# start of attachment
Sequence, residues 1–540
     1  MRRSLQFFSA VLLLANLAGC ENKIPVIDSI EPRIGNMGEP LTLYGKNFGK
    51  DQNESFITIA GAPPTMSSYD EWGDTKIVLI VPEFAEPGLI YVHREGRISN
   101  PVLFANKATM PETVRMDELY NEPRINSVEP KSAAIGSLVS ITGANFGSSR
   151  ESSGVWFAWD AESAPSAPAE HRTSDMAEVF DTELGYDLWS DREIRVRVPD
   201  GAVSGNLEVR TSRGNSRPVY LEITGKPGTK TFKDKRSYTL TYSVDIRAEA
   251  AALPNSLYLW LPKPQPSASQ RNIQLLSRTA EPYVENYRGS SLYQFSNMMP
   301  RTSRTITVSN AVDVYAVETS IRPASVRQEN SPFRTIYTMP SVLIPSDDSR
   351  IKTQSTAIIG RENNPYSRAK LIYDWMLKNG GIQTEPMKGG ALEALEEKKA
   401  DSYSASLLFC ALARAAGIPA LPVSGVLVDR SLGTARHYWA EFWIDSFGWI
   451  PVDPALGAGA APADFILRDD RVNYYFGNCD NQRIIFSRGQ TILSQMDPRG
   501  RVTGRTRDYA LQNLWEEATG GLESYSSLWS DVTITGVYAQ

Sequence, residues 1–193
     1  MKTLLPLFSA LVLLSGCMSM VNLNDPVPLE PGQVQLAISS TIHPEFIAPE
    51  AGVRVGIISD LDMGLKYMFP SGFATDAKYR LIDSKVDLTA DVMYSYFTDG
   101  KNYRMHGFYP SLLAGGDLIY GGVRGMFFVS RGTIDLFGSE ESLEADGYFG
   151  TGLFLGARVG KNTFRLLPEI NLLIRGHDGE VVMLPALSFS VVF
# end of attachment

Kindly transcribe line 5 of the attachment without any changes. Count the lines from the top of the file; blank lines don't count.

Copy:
   151  ESSGVWFAWD AESAPSAPAE HRTSDMAEVF DTELGYDLWS DREIRVRVPD